Inspriation from eduWeb 2016


This is going to be the year I delegate more.

I’ve been at Washington College for nearly five years, and with each year I’ve taken on more responsibilities. I found out that I love content strategy and information architecture—something I might not have known had I not become our resident CMS guru. And these days, I’d rather spend my time developing strategies that will serve our audiences than crafting tweets about campus events.

Maybe this is what happens when you wear many hats at an institution. I’ve reached critical mass, and I need to make room for the new ideas and goals that I’m bringing back to the office through professional development. It’s time to stop postponing diving in to data and analytics because I don’t have time; if I want our strategies to be successful, I need to make the time. Several of the sessions I attended at eduWeb spoke to the importance of analytics strategy and data-driven changes. I want this information to inform my decisions—whether it backs up what I think or changes my views. (Now the big challenge is getting the data I want out of Google Analytics.)

Two of the sessions I attended—“Empathy for the Digital Age” with Kevan Gilbert and “Project Kickoffs that Work” with Allison Manley—prompted some additional thoughts on breaking down those wonderful silos we have in higher education. In a perfect world, I would incorporate so many of these tactics into larger scale projects, but I don’t typically get to start the big stuff. As it stands, I will take bits and pieces of each presentation and incorporate them into the smaller-scale CMS trainings and content strategy consultations I perform. I want the people I work with to feel empowered to use the CMS. I want them to feel comfortable coming to me with ideas that seem crazy and asking me if what they want to do is even possible. That is, after all, how Jenny and I ended up presenting at this year’s eduWeb.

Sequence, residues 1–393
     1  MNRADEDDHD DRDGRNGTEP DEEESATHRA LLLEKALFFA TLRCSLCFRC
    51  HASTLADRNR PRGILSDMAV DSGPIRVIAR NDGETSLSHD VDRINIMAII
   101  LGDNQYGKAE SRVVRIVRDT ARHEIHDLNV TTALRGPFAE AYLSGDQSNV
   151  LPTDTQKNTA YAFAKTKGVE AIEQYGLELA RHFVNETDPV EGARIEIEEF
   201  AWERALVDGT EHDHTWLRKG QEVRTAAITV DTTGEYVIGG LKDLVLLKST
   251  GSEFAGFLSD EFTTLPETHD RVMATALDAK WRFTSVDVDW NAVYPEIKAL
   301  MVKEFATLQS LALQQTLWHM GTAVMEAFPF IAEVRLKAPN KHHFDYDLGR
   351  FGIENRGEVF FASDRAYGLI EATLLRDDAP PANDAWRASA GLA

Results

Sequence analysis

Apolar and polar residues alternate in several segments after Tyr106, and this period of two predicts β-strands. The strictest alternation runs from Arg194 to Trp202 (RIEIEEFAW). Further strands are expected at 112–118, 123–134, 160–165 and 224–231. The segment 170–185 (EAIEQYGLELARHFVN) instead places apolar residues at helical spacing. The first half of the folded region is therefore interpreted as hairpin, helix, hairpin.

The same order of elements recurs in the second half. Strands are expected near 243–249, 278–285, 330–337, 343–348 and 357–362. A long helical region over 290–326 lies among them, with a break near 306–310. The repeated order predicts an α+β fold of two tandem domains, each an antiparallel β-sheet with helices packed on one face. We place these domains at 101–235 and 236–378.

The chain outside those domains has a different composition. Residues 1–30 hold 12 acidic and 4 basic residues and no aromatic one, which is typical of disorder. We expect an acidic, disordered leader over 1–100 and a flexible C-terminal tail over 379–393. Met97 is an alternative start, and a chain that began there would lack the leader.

This year will be more strategic, but I won’t implement all the ideas that support the strategies I create. I will use my time wisely—and encourage others to do the same too!

Leveraging Alumni Stories

“Can we do something like this?”

It’s one of my favorite challenges—and in the case of Path to Passion, a very promising question. When Jenny first came to me with her idea, she had been shot down because it seemed complicated. We talked about what she wanted, and in 10 minutes we had the basics hammered out.

How It Started

When Jenny moved into the Volunteer Coordinator position, 450 alumni had filled out an engagement survey stating that they wanted to give back as career mentors and admissions champions. Unfortunately, at that time, those opportunities weren’t really available to them. Career development wanted job placement, internships and job shadowing instead of mentors; and admissions wasn’t ready to onboard alumni volunteers. Jenny was confronted with the challenge of making sure these alumni still felt valued even though we did not have the volunteer opportunities that they wanted. While she was thinking up ideas, she was also watching her firstborn look at colleges. He had a strong interest in economics and finance but no desire to be a banker. Jenny knew that our liberal arts majors went on to great things regardless of their majors—so how could she show this to her son?